Other islands do try and give owners what Barbados does, but, inevitably, they can’t match up, explains Julian Cunningham of Knight Frank. ‘Owners spend four months at a time here; you don’t get the concentration of people living mid-to long-term on the other islands. People know they don’t get any nasty surprises here-it’s safe, it’s liquid and it’s accessible.’ Plus the island is only four hours behind the UK, so people still feel able to do business back in London. For those not wishing to be directly on the beach, several attractive estates have grown up inland, mostly around golf courses such as the Sandy Lane and the Royal Westmoreland.

The new kid on the block, however, is Apes Hill, a former sugar plantation on the second highest point of the island that is now a fantastic course, which meanders over the ridgeline to afford players views of both the Atlantic and Caribbean. Built around natural gullies and ravines, the 470-acre estate is home to the golfball-stealing Bajan green monkey and is being developed by Sir Charles ‘Cow’ Williams, a 70-something polo fanatic with an impregnable Bajan accent-at least to the untrained ear. Buyers can buy a plot and build their own home (from $500,000), purchase a house that’s already built (from $2 million) or get someone to build a house for them by investing in the turn-key option at Moonshine Ridge, where prices range from $3.5 million to $8 million. All owners are members of the country club and the polo ground-where tea, cakes and Pimm’s are served during match days-is on the doorstep. The plots of houses haven’t exactly been snapped up, but Linda Williams, head of sales and marketing, believes they are going to have a lively season this winter. ‘People are definitely back in the mood to spend money.’

Most agents agree the market has been somewhat sluggish over the past two years, but Barbados has fared better than many other islands, with average price falls from peak across the range of markets of 22%. Knight Frank had their strongest season last winter, which they attribute to buyers flying back to quality and core markets, ‘as well as the perception that some value had returned to the market,’ says Mr Cunningham. ‘In turbulent times, people want to see a place where things still get done and work goes on, and Barbados has that in spades,’ adds his colleague James Price.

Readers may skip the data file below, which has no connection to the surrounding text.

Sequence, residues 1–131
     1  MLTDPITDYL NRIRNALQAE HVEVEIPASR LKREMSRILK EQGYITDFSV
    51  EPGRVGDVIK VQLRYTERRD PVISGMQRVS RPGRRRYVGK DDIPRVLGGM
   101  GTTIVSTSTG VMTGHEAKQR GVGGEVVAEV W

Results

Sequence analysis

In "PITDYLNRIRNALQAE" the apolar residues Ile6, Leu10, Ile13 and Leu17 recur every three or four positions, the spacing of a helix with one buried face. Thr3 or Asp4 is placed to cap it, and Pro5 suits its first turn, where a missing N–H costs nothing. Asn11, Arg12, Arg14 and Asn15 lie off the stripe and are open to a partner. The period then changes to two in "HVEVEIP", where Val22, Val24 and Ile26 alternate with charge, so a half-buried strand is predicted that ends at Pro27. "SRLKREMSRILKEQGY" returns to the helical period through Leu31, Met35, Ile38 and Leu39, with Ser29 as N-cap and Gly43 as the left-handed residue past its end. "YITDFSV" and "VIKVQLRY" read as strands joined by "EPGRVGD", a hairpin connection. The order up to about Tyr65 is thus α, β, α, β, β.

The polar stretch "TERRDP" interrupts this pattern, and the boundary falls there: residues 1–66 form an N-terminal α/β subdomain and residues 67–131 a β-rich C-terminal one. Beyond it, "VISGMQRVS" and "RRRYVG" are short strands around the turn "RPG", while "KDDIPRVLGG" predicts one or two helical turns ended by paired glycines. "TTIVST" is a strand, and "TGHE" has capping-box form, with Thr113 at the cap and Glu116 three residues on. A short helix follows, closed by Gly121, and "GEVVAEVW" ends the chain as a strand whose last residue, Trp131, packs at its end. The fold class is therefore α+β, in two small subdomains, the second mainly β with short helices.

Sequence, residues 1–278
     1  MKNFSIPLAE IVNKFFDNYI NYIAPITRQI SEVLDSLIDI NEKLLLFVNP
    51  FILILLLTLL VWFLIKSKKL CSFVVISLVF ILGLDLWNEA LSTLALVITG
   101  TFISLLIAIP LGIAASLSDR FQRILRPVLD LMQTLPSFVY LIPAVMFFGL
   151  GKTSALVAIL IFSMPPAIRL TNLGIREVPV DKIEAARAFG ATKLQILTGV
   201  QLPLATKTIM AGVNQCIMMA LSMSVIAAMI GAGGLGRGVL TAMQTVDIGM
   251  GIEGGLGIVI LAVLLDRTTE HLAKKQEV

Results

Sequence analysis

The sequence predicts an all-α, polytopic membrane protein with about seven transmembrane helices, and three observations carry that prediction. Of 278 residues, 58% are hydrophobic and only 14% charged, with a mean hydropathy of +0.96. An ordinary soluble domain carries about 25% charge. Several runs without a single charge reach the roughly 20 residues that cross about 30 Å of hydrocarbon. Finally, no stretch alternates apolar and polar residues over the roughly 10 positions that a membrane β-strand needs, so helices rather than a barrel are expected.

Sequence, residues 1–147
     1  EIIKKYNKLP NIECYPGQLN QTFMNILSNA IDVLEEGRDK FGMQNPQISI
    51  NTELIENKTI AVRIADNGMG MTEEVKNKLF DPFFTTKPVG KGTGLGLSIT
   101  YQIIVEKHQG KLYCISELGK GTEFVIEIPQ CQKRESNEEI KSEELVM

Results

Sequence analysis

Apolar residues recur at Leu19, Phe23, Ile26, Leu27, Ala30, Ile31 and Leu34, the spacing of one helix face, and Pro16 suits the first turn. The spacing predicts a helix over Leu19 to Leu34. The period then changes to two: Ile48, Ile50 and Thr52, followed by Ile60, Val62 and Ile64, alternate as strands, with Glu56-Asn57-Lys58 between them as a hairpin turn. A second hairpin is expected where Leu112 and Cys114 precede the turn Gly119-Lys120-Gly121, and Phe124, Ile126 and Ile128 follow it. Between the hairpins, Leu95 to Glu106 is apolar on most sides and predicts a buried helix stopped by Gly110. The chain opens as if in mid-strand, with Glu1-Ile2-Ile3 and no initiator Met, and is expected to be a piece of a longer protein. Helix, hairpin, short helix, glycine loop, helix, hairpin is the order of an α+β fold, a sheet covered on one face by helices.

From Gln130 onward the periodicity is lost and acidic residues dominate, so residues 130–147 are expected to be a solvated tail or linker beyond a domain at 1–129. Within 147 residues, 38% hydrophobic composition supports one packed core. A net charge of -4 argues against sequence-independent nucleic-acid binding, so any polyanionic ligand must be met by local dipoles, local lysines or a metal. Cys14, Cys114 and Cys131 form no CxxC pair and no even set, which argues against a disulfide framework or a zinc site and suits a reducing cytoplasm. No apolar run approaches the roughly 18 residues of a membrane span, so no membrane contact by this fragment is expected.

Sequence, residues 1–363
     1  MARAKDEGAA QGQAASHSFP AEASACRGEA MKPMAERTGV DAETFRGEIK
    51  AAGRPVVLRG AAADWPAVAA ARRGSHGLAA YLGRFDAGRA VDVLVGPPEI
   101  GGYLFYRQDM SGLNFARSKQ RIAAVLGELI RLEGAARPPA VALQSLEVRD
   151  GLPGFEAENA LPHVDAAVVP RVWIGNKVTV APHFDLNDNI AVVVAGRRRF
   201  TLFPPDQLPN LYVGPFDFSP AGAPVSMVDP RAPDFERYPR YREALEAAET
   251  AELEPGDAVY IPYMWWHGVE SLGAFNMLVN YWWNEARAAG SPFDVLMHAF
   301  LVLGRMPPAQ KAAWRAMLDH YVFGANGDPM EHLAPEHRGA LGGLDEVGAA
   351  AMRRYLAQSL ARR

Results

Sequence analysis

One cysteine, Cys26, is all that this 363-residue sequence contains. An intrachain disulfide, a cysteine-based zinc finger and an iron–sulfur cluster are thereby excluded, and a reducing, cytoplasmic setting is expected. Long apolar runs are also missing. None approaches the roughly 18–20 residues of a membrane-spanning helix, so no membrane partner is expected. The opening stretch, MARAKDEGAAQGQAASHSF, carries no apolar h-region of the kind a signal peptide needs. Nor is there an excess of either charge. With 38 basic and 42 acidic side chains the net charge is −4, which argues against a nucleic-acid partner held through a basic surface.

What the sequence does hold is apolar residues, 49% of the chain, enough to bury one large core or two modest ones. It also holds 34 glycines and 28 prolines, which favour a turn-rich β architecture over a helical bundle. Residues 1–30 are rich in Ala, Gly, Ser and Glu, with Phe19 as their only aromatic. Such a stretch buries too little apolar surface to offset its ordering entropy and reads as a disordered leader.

‘This is most definitely a resale market- prices have become so competitive that there are prime-location high-end furnished properties offering better value than new-builds,’ believes Richard Eames of Island Villas, the Savills associate on the island. He cites Battaleys Mews, St Peters: the west-coast development has a three-bedroom town house with access to a clubhouse, swimming pools and tennis available for US$650,000. ‘That’s some 40% less than the original sales price.’

‘Buyer confidence has, understandably, been a little shaky in recent times-not helped by the fact that a number of projects failed to get off the ground or were delayed,’ adds Robert Green of Cluttons Resorts. The most public victim of the financial downturn has been the Four Seasons development, where the likes of Andrew Lloyd-Webber and Simon Cowell had bought houses, which ground to a halt last year. However, as this issue goes to press, work is beginning to restart on the development. Others are busy getting off the ground and drawing in inquiries from buyers, including the apartments on the beach at Beachlands in Holetown, and the new marina, Port Ferdinand, just north of Speightstown. ‘Certainly, unlike much of the rest of the Caribbean, Barbados hasn’t ground to a complete standstill,’ says Feona Gray of Caribbean Property International. ‘In a recession, people always go back to the core market-to what they know,’ adds Mr Foster. ‘And Barbados is the most solid destination in this part of the world with a strong resale market.’

NEED TO KNOW: An insider’s guide to Barbados

Visit Hunte’s Garden in St Joseph, where the entrance fee includes drinks (

Party at the Oistins Fish Fry on Friday and Saturday nights and feast on local food: flying fish and macaroni pie

Sunday lunch at The Atlantis Hotel on the rugged east coast, where a special buffet tempts the island’s gourmets (

Surf the Soup Bowl at Bathsheba, also on the east coast

Cocktails after walking the boardwalk on the south coast and watching the sunset at Tapas in Hastings

Supper overlooking the Caribbean Sea at Pisces in St Lawrence Gap, and at The Fish Pot, Little Good Harbour

Taste the Caribbean’s pirate past with 10-year-old Barbados rum at St Nicholas Abbey, a Jacobean plantation house

Listen to music at Holders House during the season (March 19-April 2, 2011), when COUNTRY LIFE’s own Kit Hesketh-Harvey takes the stage (

Airport If your flight is delayed, visit the Concorde museum just next to the terminal and reminisce about the days of truly stylish international travel